LSM Newswire

Saturday, March 27, 2010

New Centrediscs CD: 3 Concerti Just Released



Pianist Christina Petrowska Quilico, long a champion of the music of contemporary composers, particularly those of her native Canada, performs works by three Canadian women composers for piano and orchestra, in 3 Concerti, a new Centrediscs release from the Canadian Music Centre.

The new CD (CMCCD 15610) features compositions by Alexina Louie, Larysa Kuzmenko and Violet Archer (1913-2000).  They were recorded for broadcast by CBC Radio over the past two decades.  

3 Concerti marks Petrowska Quilicoĺ─˘s 23rd CD, and seventh on the Centrediscs label.   

The CD features the following, all with Petrowska Quilico as piano soloist:

Alexina Louie: Concerto for Piano and Orchestra (1984) with the National Arts Centre Orchestra conducted by Alex Pauk.

Violet Archer: Concerto No.1 for Piano and Orchestra (1956) with the CBC Vancouver Orchestra conducted by John Eliot Gardiner.

Larysa Kuzmenko: Piano Concerto (1995, rev. 1996) with the Toronto Symphony Orchestra conducted by Jukka-Pekka Saraste.  

CDs can be ordered through the Canadian Music Centre, or via  

The 3 Concerti project came as result of the Gender and Performance graduate course that Petrowska Quilico teaches at Torontoĺ─˘s York University. ĺ─˙I wanted the students to hear the brilliance of Canadian women composers, especially in live performance,ĺ─¨ she said. ĺ─˙Thanks to CBC producer David Jaeger, I had recordings of several concerts in which I had premiered womenĺ─˘s concerti. From those recordings we chose works that are very different in their compositional styles, yet in which each features a virtuoso piano part.ĺ─¨ 

Since playing her first concerto ĺ─ý Haydnĺ─˘s D Major ĺ─ý at age 10, Christina Petrowska Quilico has performed an impressive range of repertoire for piano and orchestra, from Bach and Beethoven to Bartok, Gershwin, and Canadians Glenn Buhr, the three women on the new CD, and more.   

The Canadian Music Centre and the Canadian League of Composers honored Petrowska Quilico with The 2007 Friends of Canadian Music Award.  A national jury recognized her ĺ─˙for her dedication to Canadian contemporary classical music as well as her unwavering support of this countryĺ─˘s composing community. Throughout her exceptional performing and recording career, Christina Petrowska Quilico has had a profound impact on Canadaĺ─˘s classical music community from coast to coast.ĺ─¨  She was also among Canadian artists honored by the CMC on its 50th anniversary in November 2009 at the National Arts Centre, and performed Glass Houses by Ann Southam at the special concert celebrating the occasion.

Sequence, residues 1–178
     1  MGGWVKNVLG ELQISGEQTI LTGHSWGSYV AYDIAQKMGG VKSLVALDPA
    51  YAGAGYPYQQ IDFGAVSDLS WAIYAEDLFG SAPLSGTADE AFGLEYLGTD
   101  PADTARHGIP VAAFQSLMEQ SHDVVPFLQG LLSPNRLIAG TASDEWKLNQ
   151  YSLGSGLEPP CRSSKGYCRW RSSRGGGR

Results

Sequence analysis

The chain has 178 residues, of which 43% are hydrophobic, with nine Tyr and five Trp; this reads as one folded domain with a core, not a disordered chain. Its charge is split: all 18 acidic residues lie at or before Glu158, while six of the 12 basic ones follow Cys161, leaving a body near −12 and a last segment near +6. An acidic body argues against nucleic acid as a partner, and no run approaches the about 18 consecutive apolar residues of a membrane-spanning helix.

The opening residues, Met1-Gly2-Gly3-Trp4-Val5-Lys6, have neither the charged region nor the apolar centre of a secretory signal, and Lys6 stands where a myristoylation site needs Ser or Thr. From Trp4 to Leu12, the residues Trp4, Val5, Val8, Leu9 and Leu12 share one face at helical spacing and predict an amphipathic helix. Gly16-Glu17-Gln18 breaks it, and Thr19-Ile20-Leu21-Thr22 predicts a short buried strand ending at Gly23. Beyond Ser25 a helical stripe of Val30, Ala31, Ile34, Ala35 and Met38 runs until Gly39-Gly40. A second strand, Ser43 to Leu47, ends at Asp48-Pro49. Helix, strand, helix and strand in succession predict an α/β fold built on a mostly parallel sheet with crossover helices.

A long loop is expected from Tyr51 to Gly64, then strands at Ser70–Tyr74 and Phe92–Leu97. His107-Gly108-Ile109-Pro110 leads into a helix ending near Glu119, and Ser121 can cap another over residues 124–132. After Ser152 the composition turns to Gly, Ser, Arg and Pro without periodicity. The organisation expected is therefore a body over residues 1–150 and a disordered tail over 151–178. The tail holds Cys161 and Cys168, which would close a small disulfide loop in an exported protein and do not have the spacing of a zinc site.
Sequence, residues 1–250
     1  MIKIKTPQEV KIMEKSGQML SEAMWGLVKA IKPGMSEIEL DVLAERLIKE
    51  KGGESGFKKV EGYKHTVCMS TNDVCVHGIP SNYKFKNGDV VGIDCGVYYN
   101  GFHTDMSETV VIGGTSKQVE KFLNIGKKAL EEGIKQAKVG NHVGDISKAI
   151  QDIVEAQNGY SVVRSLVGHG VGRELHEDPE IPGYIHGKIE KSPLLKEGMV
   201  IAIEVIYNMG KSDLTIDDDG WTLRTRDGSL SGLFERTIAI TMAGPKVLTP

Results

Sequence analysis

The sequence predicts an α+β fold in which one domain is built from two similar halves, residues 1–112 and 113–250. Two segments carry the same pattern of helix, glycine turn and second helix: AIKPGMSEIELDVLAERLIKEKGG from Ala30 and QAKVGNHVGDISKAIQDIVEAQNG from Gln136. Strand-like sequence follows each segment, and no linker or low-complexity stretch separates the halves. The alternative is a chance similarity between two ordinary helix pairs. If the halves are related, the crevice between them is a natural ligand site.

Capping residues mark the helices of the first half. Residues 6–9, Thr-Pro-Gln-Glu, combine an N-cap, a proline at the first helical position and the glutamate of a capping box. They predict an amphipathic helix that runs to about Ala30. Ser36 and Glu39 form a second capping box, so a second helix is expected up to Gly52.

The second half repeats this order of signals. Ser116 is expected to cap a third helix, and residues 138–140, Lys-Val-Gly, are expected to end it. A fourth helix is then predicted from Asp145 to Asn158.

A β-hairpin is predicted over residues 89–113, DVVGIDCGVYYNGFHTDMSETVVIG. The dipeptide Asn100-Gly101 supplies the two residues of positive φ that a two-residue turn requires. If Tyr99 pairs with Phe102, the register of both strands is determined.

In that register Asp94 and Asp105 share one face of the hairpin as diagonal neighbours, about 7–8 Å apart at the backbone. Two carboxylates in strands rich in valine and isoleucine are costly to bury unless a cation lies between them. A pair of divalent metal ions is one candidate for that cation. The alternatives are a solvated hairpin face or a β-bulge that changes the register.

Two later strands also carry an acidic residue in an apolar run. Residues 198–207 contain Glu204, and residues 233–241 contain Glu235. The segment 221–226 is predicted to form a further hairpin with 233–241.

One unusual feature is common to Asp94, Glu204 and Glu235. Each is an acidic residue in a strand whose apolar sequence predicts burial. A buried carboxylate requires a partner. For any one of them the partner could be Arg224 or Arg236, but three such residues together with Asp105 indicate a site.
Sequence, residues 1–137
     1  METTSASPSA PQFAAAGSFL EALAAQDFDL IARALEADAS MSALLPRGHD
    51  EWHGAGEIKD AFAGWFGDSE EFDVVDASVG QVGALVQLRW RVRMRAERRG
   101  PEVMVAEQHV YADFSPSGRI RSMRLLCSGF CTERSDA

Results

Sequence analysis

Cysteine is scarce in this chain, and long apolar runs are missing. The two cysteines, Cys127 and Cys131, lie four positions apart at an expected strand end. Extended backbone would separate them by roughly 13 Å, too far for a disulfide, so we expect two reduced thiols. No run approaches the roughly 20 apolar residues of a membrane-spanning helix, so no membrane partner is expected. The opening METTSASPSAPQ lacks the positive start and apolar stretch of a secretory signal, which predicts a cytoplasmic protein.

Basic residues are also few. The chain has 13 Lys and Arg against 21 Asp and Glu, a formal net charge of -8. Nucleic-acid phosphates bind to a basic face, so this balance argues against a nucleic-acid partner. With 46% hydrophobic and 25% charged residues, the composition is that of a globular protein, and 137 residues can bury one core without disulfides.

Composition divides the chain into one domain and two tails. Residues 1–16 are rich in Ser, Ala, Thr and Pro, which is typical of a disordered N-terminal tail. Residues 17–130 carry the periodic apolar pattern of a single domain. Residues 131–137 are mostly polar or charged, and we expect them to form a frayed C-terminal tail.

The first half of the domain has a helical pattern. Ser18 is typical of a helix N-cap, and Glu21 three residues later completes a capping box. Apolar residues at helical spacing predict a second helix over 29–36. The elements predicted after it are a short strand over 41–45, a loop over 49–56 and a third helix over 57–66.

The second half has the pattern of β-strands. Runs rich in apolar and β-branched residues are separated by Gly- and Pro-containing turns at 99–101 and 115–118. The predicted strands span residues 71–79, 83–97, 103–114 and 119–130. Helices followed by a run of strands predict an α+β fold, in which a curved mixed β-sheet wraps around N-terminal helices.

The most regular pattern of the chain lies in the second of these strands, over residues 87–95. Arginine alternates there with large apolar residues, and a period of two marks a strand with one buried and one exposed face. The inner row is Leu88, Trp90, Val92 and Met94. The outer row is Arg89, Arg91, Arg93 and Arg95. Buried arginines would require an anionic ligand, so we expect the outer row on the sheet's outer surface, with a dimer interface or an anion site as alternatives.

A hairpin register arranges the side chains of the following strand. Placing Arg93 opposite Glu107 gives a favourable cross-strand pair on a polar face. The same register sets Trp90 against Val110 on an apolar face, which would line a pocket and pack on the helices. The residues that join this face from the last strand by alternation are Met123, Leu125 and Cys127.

Violet Archer Concerto:

In his essay on Violet Archer for the book Contemporary Canadian Composers (Oxford University Press), critic Kenneth Winters calls the Archer concerto, ĺ─˙a masterpiece and a genuine concerto in terms of display and dynamics.ĺ─¨ He refers to the ĺ─˙ease and virtuosityĺ─¨ of both piano and orchestra in the ĺ─˙propulsive opening movement,ĺ─¨ the ĺ─˙pensive and lyricalĺ─¨ middle movement, and the ĺ─˙vigorousĺ─¨ finale, which ĺ─˙leaves the listener mildly appalled that a work of this calibre should be played so seldom.ĺ─¨

Larysa Kuzmenko Concerto:

The concerto, a CBC commission, drew standing ovations when Petrowska Quilico performed it with the Winnipeg Symphony Orchestra and conductor Bramwell Tovey at the Winnipeg New Music Festival, and again with the Toronto Symphony under Jukka-Pekka Saraste.  Elissa Poole wrote in the Globe and Mail of the ĺ─˙classically virtuoso performance by soloist Christina Petrowska Quilico. Kuzmenko returned to the grandiose gestures of the romantic piano concerto.ĺ─¨  The Toronto Starĺ─˘s William Littler described the concertoĺ─˘s ĺ─˙broad, sweeping gestures and strong melodic profile of a concerto in the romantic tradition. With the considerable help of its soloist, the nimble-fingered Christina Petrowska Quilico, it was the undoubted hit of the evening.ĺ─¨

Alexina Louie Concerto:

Petrowska Quilico twice performed this work with Alex Pauk conducting ĺ─ý first with the National Arts Centre Orchestra, and again with the Esprit Orchestra.  William Littler of the Toronto Star noted ĺ─˙that able champion of the contemporary keyboard literature, Christina Petrowska Quilico, applied the proverbial hammer and tongs to a piano part full of cluster chords, glissandos and runs, surrounded by enough orchestral goings-on in rapidly changing metres to keep conductor Alex Pauk working overtimeĺ─Â.  The concerto in its deliberately big-boned, splashily and often exotically (complete with lionĺ─˘s roar and Chinese gongs) has life, color and drama enough to keep the ear wondering what is going to happen next.ĺ─¨

The Globe and Mailĺ─˘s Robert Everett-Green called it, ĺ─˙a large-scale exercise in grand-manner composition, a piece that nearly bursts the bounds of the chamber-sized orchestra for which it was written,ĺ─¨ while reflecting the composerĺ─˘s ĺ─˙project of bringing into the mainstream of progressive music the sounds of her Chinese heritageĺ─Â.  The pianist, Christina Petrowska Quilico, gave a committed reading of the virtuoso solo part, which makes some fairly athletic demands of the performer.ĺ─¨  


Post a Comment


Create a Link

<< Home